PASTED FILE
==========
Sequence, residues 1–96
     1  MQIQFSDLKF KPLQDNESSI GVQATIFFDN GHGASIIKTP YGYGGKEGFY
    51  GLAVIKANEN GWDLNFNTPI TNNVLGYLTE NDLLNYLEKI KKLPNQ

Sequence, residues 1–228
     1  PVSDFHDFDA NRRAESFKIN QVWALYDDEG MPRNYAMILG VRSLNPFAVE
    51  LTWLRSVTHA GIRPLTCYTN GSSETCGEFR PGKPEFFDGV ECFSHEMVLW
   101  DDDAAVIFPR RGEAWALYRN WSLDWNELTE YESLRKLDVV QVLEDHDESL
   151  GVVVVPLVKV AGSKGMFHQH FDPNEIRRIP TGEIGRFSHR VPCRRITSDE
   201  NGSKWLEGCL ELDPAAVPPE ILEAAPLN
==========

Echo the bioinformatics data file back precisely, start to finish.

Sequence, residues 1–96
     1  MQIQFSDLKF KPLQDNESSI GVQATIFFDN GHGASIIKTP YGYGGKEGFY
    51  GLAVIKANEN GWDLNFNTPI TNNVLGYLTE NDLLNYLEKI KKLPNQ

Sequence, residues 1–228
     1  PVSDFHDFDA NRRAESFKIN QVWALYDDEG MPRNYAMILG VRSLNPFAVE
    51  LTWLRSVTHA GIRPLTCYTN GSSETCGEFR PGKPEFFDGV ECFSHEMVLW
   101  DDDAAVIFPR RGEAWALYRN WSLDWNELTE YESLRKLDVV QVLEDHDESL
   151  GVVVVPLVKV AGSKGMFHQH FDPNEIRRIP TGEIGRFSHR VPCRRITSDE
   201  NGSKWLEGCL ELDPAAVPPE ILEAAPLN